Is Reading In Bed Good For You

We’ve all heard the advice to not watch TV before bed, avoid scrolling through Facebook and pick up a book instead—especially if you’re having trouble sleeping.

As a literature graduate, it’s always been a habit for me to reach for the paperback instead of my mobile phone when I’m tucked up in bed at night, and I’ve never really considered that there may be health benefits to being a bookworm.

But what does science have to say about it? Is there any evidence to support that reading can help you sleep better and that it’s better for your health?

Why reading is good for your health

Reading has many benefits for your health and wellbeing such as improving your cognitive function and reducing stress.

At Sussex University, a study was carried out on a group of volunteers to find out the best way to relax, in which traditionally relaxing activities were tested against one another. 

Reading came out on top, and it was concluded that just 6 minutes of reading could reduce stress by 68% by slowing the heart rate and easing muscle tension. 

Dr. David Lewis went on to say that reading was an “active engaging of the imagination as the words on the printed page stimulate your creativity and cause you to enter what is essentially an altered state of consciousness.”

So, not only is reading a great way to help you to relax before bed and get you to sleep, but it can also improve your imagination and creativity which could be beneficial for your workday too.

To screen or not to screen?

It’s best to try to avoid reading from your mobile phone or iPad which has harsh UV lights that can be disruptive when it comes to sleep.

A study on the impact of light-emitting eBooks before bed suggested that reading screens on devices can have negative effects as it “suppresses levels of the sleep-promoting hormone melatonin, reduces the amount and delays the timing of REM sleep, and reduces alertness the following morning” meaning eBooks may even reverse the positive effects of reading for cognitive function.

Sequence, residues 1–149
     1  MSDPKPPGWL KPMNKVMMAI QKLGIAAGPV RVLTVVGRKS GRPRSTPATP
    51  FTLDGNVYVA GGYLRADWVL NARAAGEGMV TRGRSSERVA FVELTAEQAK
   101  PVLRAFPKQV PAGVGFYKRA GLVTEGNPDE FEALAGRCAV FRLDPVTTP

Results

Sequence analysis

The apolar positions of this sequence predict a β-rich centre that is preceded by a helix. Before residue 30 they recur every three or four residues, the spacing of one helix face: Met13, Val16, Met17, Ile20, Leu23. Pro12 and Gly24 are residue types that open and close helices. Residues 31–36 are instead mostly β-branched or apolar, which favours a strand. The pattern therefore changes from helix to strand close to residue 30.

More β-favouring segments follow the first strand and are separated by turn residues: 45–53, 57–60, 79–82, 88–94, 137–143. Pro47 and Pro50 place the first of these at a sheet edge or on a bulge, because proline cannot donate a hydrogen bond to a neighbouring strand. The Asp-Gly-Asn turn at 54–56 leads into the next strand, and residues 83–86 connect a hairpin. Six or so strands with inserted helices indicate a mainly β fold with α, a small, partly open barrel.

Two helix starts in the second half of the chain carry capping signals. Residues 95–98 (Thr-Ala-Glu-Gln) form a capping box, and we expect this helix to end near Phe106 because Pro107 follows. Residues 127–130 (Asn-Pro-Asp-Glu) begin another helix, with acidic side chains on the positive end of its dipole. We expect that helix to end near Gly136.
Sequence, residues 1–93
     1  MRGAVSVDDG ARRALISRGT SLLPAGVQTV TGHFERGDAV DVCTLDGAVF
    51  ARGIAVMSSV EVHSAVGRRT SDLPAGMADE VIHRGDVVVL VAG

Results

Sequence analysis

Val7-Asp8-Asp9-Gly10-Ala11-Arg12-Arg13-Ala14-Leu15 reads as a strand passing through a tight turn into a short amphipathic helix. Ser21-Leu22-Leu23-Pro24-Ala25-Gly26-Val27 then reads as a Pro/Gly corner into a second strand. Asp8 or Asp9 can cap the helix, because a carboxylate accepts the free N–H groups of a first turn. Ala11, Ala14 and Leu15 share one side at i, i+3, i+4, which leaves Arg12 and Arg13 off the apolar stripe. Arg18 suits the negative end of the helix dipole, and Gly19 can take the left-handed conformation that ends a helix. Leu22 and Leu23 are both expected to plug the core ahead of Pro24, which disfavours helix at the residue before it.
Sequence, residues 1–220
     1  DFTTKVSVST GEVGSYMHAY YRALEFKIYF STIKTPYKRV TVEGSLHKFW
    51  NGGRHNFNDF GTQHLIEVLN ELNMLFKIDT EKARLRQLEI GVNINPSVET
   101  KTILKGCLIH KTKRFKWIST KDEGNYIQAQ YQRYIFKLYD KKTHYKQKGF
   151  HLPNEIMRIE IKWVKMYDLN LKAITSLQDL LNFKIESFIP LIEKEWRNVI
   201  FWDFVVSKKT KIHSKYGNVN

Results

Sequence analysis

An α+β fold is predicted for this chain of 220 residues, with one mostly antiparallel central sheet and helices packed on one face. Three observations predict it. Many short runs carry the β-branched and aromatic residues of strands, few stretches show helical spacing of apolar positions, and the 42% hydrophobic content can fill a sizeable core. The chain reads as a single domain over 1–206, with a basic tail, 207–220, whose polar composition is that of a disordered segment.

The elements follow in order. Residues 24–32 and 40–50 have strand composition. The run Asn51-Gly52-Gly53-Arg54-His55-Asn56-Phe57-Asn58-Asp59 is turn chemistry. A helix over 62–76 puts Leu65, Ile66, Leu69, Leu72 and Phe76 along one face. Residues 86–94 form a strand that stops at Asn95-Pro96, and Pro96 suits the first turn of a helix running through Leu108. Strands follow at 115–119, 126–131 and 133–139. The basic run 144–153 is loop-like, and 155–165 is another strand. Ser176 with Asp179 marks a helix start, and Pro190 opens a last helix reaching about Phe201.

Not only will reading a physical book prevent you from looking at screens before bed, which is better for your eyes, but it will also help to keep bookshops and libraries open.

If you have a partner who doesn’t want the glare of a lamp when they are trying to sleep, then consider buying a book light that attaches to your book and prevents you from disturbing your partner at night when you read.

If you prefer reading eBooks, then think about investing in an e-reader designed with lighting that is gentle on the eyes.

As much as I love reading physical books, my Kindle Paperwhite is perfect for reading in bed. It’s easy to hold when I’m reading at night and has soft lighting and no glare, which is much kinder to the eyes.

You could even consider investing in some blue light filter glasses to add even more protection from any harmful lighting from screen devices during the day as well as at night, especially if your job involves lots of screen time.

Best way to read in bed

If you are having trouble sleeping at night, then making reading a part of your everyday sleep routine is a great idea.

Not only should you avoid harsh lighting when you read at night, but we would advise against stimulants like tea or coffee before bed that can increase the heart rate and keep you awake.

Instead, consider some alternatives that will help you get relaxed such as caffeine-free chamomile tea or warm milk.

The best position to read in is sitting up, as reading laying down can cause eye strain and neck ache.

Pop a comfy pillow behind you as you sit up in bed and let your eyes settle naturally on the page in front of you.

Many people recommend reading boring books before bed to make you fall asleep quicker, but instead, this will probably just put you off reading altogether.

Reading should be an activity to look forward to, especially if it’s going to become part of your everyday routine.

I love reading historical fiction or fantasy before bed, but you may prefer something light that takes less concentration for a tired mind, such as contemporary romance or a thriller if you’re brave enough.

But, if you scare easily or are sensitive to emotional stories, then consider avoiding these during the night as the subject matter may keep you awake.

Instead, light-hearted stories with happy endings should give you plenty of pleasant dreams!


Reading in bed can be the perfect antidote for insomnia as it helps to reduce stress and wind down after a busy day.

Reading is also a great way to improve your brain function, encourage your creativity, expand your vocabulary, and let you explore imaginary worlds from the comfort of your own bed. 

I think that beats counting sheep at night!  

Sources used:

  • Anne-Marie Chang, Daniel Aeschbach, Jeanne F. Duffy, Charles A. Czeisler

Proceedings of the National Academy of Sciences Jan 2015, 112 (4) 1232-1237; DOI: 10.1073/pnas.1418490112